A slew of technology is available to ensure threaded fasteners are installed in the correct sequence and at the correct torque and angle.
For example, Ingersoll Rand’s QE Series of DC electric tools and IC Series of controllers measure torque with an accuracy of ±0.2 percent and angle to ±1 degree. Measurement resolution is ±0.025 percent of full-scale torque. Engineers can implement numerous tightening strategies, including torque control; torque control with angle monitoring; torque control with yield override; angle control; angle control with torque monitoring; angle control with yield override; yield control; prevailing torque; and drag torque. The tools come in pistol-grip, inline and angle-head versions, and the series covers a torque range of 0.3 to 400 newton-meters.
Of course, even the most accurate tools are only as good as the specifications they’re designed to maintain. A whole lot of engineering work must be done before a socket ever hits a bolt head. Engineers must determine the type and number of fasteners needed to secure the joint. They need to consider platings, coatings, lubricants and thread-lockers. They need to think about how the fastener will be installed. Is it enough to tighten the fastener to a specific torque? Or will both torque and angle need to be controlled? Once all that’s decided, engineers must establish specifications for torque, angle and fastening sequence.
“There are a lot of variables associated with tightening threaded fasteners, [and the torque specification] is not an absolute. It’s a guide, actually,” says Guy T. Avellon, president of GT Technical Consultants Ltd., a consulting firm that provides training and analysis of bolted joint design. “You throw in lubrication, different coatings, tolerances, and a host of other things. There’s even a difference between tightening the nut and tightening the bolt head.”
Regardless of the product, everything starts with calculating how much clamping force is needed for the assembly to operate correctly and safely. This is determined by the loads and conditions to which the joint will be exposed, plus a safety factor.
Engineers must choose a fastener or fasteners that can successfully transmit that clamping force between the parts and bear the stress of it. But all fasteners have limits to how much stress they can take. This is a function of the fastener material and its geometry, including its cross-sectional area and the area of the threads. That limit cannot be exceeded.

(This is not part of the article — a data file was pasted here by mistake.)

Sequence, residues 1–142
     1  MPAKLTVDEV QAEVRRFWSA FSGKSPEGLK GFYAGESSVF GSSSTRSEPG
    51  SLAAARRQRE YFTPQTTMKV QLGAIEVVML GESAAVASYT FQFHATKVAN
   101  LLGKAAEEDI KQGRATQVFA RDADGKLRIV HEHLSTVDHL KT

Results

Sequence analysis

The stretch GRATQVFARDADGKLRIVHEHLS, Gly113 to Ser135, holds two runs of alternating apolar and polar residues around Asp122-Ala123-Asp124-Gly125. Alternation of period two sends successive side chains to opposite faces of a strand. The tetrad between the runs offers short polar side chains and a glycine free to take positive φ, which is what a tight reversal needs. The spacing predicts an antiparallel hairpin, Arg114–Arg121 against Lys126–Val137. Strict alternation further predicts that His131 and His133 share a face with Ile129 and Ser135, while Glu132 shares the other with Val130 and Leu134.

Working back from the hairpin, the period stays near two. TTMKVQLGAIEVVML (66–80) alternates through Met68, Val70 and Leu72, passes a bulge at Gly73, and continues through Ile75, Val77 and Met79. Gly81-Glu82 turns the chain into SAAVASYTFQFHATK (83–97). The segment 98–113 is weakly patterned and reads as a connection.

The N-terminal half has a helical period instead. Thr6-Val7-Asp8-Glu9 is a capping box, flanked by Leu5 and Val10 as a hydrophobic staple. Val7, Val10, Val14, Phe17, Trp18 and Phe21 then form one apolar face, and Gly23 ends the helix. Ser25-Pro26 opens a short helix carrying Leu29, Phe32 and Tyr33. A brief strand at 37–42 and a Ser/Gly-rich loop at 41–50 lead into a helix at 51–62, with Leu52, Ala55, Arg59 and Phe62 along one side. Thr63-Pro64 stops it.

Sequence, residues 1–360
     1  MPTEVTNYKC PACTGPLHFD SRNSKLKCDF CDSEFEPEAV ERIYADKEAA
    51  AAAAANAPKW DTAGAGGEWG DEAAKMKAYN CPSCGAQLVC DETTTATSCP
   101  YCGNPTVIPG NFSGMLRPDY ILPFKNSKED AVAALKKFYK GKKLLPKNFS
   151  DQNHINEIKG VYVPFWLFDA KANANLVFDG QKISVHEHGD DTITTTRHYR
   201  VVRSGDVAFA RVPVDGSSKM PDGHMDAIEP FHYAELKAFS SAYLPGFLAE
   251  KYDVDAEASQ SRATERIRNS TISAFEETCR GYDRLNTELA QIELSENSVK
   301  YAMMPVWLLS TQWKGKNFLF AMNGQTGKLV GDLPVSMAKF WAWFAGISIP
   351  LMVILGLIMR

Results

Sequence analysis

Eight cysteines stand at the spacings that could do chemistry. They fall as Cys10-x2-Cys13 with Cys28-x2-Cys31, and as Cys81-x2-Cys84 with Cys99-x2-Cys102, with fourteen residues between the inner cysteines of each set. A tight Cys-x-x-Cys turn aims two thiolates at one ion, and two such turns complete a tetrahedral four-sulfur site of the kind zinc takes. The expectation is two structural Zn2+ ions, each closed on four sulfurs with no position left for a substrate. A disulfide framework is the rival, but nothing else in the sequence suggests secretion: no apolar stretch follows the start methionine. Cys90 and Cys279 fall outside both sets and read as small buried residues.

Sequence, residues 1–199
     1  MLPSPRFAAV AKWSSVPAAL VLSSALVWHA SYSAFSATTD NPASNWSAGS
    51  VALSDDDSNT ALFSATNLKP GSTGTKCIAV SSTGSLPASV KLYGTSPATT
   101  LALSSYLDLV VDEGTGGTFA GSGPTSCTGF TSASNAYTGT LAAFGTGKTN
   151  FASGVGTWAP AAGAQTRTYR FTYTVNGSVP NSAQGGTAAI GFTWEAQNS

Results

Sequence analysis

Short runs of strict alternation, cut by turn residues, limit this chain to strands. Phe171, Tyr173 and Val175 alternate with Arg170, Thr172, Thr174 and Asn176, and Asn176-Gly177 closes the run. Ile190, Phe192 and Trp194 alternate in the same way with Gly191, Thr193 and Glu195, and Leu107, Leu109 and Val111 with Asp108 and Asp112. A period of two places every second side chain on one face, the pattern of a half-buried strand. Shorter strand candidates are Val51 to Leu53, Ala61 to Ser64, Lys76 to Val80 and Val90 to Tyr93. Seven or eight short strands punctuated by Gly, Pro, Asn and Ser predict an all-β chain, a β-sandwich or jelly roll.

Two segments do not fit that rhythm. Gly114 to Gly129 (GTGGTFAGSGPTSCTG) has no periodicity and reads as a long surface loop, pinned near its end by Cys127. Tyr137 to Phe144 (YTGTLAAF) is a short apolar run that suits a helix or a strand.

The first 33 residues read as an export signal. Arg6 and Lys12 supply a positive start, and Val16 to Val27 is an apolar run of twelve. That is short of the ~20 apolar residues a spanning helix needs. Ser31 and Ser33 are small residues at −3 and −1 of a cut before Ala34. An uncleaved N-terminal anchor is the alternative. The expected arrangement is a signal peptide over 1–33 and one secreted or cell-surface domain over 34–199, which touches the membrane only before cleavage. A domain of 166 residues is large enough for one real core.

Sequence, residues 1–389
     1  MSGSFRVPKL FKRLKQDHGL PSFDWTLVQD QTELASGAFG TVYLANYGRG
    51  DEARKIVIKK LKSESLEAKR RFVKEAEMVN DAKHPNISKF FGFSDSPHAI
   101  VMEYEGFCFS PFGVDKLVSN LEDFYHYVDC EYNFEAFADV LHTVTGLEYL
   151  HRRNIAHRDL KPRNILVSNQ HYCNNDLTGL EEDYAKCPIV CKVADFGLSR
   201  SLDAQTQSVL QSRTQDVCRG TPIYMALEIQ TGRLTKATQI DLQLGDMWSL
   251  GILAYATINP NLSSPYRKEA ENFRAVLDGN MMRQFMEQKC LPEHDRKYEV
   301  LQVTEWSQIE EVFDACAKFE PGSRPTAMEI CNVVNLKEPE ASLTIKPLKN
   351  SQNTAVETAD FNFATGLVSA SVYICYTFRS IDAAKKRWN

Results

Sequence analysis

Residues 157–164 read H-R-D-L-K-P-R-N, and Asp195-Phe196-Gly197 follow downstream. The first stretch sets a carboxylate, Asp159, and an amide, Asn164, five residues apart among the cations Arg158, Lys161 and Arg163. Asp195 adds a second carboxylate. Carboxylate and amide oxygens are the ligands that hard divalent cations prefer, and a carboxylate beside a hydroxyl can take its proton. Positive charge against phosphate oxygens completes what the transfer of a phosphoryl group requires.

The goal is to tighten the fasteners enough to achieve the specified clamping force, but not so much that the fastener can’t bear the stress. How much torque that requires depends on the geometry of the bolt and whether the threads are lubricated. (Lubricated threads require less torque to get to the same clamping force, because there is less friction to overcome during the tightening.)
There are two ways to come up with a torque specification: “The right way and the wrong way,” quips David Archer, principal engineer at Peak Innovations Engineering, a consulting firm specializing in bolted joint design and analysis.
The wrong way, asserts Archer, is to pick a number off a standard engineering table or to rely solely on the classic equation, T = KDP, in which T is the target tightening torque; K is the coefficient of friction, or nut factor; D is the nominal diameter of the bolt; and P is the desired tensile load on the bolt.
“K is your friction variable,” explains Avellon. “It’s a constant, but it’s a constant variable, because K is related to finishes like a black oxide or zinc plating. Are you using moly lube or copper anti-seizing lubricant? Even threadlockers can act as a lubricant initially.”
The most commonly used K factors arc 0.2 for plain finished bolts, 0.22 for zinc-plated bolts, and 0.1 for waxed or highly lubricated bolts. For a more accurate estimate of the nut factor, engineers can set up a standard fastening test to solve the equation for K.
“The equation is fairly accurate, but every application should be evaluated on its own to determine the optimum torque value,” advises Avellon.
The best way to develop a torque specification is through testing, argues Archer. The reason to do testing is that friction, run-down speed, part tolerances and other variables can significantly influence the relationship between torque and clamp load.
Two types of tests can be run to determine a torque specification: measuring torque and angle to failure and measuring torque and angle to a specific tension. “Torque-angle to failure is simpler. You need less complex equipment…but it’s probably not as accurate,” says Archer. “Torque-angle to tension is more accurate, but it requires some means of measuring either bolt tension or clamp load.”